Last Thursday against the defending NFC Champion Philadelphia Eagles, the Minnesota Vikings were able to claw back to within seven points on multiple occasions, before eventually losing 34-28.
On two occasions Minnesota, trailing by 13, scored a touchdown to pull within seven points and kicked the extra point to get to within six. Upon first blush, this makes sense. First, this is how it has been done forever, and there is at least some value in the incumbency of ideas. Secondly, with a stop and a touchdown followed by an extra point, the Vikings would have a lead and a potential victory as a six-point underdog.
However, in both cases it made more sense for the Vikings to attempt a two-point conversion. The math, as computed by Ben Baldwin’s model through nflfastR, confirms this.
Vikings win % when down 27-20 and going for 2: 11.9%
Vikings win % when down 27-20 and kicking the PAT: 10.1%
The numbers were 1.7% and 1.1% respectively when down 27-34. Seemingly small, these edges are not insignificant during a football game. This could be the end of the conversation, but football is much more than numbers.
Before we go further, this is a different situation than the “going for two down eight” idea, which has gained steam in the NFL – and was summarized initially and brilliantly by my former colleague, Kevin Cole, on PredictiveFootball (the link no longer works, but here’s a great piece by Seth Walder at ESPN).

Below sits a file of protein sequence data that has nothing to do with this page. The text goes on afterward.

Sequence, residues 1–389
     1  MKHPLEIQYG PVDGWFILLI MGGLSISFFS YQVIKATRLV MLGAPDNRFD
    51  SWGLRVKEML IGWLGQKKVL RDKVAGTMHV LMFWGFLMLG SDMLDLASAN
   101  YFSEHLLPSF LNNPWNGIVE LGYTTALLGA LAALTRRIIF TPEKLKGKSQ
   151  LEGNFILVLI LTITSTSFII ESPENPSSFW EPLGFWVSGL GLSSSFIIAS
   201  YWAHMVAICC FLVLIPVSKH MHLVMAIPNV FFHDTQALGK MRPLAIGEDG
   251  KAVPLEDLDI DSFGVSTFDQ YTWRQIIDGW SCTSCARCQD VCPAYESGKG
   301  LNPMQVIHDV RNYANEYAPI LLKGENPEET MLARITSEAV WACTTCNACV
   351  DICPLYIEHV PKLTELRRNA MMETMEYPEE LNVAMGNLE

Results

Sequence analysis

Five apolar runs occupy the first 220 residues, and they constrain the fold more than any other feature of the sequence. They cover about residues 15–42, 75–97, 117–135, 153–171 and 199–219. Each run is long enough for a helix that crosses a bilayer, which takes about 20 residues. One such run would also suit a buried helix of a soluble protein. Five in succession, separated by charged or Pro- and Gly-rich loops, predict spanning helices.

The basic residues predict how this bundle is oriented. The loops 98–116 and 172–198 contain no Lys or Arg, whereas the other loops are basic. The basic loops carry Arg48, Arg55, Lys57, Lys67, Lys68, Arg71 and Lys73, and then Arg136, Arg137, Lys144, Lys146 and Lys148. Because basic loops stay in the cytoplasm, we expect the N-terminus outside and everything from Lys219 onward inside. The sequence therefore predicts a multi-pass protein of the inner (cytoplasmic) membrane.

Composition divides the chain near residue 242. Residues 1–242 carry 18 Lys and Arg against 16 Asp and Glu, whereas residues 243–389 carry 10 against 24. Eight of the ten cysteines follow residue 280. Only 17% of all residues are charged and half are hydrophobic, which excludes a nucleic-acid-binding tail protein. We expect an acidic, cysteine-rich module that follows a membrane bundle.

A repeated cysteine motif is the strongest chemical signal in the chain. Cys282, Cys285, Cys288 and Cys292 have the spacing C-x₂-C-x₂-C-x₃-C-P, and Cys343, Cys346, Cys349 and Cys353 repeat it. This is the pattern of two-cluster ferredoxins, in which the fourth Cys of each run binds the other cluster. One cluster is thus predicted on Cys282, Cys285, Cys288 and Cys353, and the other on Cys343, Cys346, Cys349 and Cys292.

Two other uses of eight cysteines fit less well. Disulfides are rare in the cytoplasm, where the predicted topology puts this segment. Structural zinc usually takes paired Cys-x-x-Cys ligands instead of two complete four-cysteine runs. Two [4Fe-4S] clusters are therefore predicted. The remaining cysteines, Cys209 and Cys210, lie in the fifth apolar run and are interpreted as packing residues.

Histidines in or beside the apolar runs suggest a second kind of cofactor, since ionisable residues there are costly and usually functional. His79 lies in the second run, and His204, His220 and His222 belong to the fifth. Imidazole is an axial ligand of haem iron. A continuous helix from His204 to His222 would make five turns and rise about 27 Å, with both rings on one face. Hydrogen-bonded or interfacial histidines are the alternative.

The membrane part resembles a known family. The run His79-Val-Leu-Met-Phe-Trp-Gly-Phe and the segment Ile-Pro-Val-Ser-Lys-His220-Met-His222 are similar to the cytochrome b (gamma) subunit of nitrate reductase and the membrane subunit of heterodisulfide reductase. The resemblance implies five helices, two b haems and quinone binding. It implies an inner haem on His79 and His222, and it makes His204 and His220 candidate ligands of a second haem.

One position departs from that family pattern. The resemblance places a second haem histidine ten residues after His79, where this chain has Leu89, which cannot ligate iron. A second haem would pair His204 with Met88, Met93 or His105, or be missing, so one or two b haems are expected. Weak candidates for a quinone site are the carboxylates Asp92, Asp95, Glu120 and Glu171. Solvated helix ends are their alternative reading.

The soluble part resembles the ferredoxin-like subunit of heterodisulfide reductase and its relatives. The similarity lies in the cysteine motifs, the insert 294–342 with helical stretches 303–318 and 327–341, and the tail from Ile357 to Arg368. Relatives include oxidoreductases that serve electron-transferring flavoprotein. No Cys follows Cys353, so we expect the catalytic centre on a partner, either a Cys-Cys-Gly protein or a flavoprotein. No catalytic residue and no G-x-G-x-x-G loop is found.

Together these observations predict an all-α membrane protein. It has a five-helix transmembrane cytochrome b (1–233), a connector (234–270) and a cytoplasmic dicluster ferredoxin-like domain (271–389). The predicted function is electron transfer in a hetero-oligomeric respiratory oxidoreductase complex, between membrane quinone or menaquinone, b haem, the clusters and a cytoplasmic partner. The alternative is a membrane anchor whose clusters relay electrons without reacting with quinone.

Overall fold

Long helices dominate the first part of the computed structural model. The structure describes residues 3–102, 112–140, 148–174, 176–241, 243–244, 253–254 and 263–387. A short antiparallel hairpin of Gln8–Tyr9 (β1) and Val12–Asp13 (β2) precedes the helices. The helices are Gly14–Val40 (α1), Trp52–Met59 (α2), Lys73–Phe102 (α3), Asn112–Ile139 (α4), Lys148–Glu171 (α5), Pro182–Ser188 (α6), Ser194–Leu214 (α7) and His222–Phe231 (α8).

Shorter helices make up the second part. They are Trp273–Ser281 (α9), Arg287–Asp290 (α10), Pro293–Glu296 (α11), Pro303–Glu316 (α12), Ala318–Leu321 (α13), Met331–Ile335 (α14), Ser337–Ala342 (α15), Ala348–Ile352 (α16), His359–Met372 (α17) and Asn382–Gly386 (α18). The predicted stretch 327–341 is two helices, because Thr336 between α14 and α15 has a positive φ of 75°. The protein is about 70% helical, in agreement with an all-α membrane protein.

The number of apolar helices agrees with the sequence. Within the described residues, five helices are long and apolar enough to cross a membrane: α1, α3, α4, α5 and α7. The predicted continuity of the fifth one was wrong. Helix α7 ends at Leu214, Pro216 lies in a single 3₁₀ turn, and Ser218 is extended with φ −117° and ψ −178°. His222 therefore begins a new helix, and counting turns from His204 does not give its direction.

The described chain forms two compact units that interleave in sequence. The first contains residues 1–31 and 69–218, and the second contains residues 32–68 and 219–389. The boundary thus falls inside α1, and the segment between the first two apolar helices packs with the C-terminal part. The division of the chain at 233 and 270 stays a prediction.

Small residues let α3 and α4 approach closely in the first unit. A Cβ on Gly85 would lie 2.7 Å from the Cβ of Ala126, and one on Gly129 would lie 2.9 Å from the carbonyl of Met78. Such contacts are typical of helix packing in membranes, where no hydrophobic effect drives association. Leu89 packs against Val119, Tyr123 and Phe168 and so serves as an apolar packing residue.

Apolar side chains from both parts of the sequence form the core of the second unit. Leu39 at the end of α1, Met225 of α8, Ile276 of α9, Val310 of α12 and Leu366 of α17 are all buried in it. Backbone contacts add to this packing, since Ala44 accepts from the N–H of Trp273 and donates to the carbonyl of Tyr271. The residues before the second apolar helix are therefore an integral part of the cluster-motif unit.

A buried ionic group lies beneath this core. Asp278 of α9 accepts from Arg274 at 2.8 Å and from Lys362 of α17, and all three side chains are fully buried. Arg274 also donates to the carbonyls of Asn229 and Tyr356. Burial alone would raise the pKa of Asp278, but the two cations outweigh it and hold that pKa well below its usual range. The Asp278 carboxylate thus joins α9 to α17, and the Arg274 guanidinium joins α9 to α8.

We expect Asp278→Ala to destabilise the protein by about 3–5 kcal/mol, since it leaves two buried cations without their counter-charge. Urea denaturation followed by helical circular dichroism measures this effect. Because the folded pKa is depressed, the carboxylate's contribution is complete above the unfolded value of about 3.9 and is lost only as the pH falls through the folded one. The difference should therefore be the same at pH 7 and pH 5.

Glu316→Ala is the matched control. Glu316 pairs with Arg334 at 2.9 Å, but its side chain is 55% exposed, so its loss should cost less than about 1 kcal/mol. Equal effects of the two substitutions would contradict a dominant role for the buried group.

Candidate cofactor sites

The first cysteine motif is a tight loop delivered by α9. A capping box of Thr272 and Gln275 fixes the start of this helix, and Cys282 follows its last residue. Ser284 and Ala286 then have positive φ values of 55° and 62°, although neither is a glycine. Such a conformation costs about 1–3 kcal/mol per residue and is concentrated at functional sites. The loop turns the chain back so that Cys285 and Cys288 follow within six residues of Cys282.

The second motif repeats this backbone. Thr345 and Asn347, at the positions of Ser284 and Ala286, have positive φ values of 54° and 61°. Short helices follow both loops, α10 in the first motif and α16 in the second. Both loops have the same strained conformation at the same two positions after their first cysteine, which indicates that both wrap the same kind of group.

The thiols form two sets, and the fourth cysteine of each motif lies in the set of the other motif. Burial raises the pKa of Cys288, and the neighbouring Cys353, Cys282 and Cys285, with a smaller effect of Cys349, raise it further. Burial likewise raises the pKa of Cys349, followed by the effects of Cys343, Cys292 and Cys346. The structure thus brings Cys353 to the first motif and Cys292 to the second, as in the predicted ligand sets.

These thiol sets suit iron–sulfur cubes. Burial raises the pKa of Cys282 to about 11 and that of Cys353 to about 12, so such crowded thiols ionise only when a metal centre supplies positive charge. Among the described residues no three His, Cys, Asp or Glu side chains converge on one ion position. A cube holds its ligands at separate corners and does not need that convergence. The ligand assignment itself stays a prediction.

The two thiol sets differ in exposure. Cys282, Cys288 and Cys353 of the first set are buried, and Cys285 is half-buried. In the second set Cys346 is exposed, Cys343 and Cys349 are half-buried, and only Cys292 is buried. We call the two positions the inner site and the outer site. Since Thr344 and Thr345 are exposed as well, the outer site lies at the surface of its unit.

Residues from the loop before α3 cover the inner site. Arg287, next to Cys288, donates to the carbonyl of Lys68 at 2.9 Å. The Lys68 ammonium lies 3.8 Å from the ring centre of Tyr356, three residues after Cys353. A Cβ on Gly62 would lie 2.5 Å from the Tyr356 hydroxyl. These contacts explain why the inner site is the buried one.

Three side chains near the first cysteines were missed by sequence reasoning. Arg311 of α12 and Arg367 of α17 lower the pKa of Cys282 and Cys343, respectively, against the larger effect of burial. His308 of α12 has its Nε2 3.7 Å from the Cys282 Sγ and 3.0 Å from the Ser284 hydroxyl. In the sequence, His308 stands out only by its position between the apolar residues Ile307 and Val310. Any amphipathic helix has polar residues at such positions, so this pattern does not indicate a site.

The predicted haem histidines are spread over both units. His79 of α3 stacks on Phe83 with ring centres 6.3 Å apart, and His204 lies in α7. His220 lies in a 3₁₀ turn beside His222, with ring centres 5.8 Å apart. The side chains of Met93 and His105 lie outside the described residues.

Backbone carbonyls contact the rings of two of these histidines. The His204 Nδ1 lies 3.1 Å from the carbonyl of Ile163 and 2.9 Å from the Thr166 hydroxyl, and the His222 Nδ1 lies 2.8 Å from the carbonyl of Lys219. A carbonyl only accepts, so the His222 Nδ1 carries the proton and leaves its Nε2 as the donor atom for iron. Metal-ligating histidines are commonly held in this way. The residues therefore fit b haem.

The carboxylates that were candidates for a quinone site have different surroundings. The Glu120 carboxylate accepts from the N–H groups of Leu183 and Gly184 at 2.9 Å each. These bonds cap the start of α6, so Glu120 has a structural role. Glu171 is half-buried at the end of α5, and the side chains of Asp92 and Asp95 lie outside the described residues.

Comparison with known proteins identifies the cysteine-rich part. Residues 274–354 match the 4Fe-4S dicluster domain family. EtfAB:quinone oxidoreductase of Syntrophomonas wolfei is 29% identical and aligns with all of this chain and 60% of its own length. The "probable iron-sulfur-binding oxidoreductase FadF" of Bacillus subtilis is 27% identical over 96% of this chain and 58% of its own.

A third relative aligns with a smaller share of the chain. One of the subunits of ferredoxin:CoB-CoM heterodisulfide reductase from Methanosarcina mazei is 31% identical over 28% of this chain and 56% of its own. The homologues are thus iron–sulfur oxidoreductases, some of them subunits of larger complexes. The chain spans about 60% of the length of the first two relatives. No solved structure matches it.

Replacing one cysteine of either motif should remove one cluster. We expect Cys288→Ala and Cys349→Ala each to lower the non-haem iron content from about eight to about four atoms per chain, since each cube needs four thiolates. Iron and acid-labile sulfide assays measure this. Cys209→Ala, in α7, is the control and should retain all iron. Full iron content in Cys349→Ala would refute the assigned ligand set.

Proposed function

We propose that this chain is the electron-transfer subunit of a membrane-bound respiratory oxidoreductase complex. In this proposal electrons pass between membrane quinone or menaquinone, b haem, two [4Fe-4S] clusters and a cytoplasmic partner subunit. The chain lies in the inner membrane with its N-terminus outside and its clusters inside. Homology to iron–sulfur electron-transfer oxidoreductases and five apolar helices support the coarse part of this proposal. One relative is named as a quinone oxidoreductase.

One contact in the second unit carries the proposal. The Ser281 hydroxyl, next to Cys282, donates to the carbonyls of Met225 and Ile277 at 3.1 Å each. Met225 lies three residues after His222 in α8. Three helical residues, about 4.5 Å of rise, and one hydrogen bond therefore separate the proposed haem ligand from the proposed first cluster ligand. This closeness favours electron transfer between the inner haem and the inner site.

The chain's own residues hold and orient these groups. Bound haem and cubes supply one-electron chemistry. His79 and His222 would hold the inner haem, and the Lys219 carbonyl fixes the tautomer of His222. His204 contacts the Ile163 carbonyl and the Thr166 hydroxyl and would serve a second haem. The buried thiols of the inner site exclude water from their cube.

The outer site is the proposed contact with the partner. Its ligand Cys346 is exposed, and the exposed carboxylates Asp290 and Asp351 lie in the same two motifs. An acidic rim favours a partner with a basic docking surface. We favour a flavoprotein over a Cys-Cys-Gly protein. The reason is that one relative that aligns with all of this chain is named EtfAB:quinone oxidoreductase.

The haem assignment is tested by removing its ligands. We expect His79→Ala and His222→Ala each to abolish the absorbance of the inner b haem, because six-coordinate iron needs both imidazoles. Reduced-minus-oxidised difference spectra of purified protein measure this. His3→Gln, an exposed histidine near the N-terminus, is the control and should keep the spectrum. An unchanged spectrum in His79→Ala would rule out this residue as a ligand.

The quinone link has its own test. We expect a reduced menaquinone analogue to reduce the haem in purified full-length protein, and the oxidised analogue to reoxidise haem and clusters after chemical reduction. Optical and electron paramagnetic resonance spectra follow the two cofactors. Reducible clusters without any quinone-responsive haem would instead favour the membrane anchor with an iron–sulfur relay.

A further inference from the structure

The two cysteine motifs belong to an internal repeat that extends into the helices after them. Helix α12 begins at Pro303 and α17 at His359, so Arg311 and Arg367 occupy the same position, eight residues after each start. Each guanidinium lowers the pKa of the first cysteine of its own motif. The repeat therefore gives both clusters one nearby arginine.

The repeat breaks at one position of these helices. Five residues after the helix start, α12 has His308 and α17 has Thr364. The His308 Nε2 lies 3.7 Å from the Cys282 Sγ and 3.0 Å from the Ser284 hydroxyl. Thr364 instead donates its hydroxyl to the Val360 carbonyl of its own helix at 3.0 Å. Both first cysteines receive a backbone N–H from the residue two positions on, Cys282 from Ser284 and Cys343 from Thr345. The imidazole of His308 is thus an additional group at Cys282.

Broadly, going for two down eight after a touchdown offers an increase of 12.5%-win probability conditioned on earning the touchdown, stop, and score needed to cover the two-touchdown deficit (assuming 50% conversion rate of 2-point conversions, 100% PAT conversion and 50%-win probability in overtime).
In the case of being down seven, the same argument does not really work since two consecutive touchdowns with PATs lead to a 100% chance of winning, while going for two on the first try leaves open the possibility of overtime and hence drops that theoretical win probability below 100% conditioned on getting the necessary stop.
However, as was very apparent in the Minnesota/Philadelphia game, the strategy hinges on getting the necessary stops, which is not trivial (also, extra points are not 100% propositions). Minnesota gave up a touchdown the first time they were down six, and the second time the Eagles were close to field goal range before getting stopped in the run game, false starting, and punting it back to the Vikings with just a few seconds to play. Furthermore, being scored against is not the only risk of not having the ball as a struggling run defense could surrender enough yards and time to render the game over if the opposing offense has enough of the field to work with.
To that point, let’s look at the possible outcomes:
Extra Point Succeeds
This is the normal course of events. The defense must get a stop and must do so relatively quickly. A deep kick leaves the whole field for the opposing offense to work and curbs some of the impulses to play conservatively as points are still a few first downs away.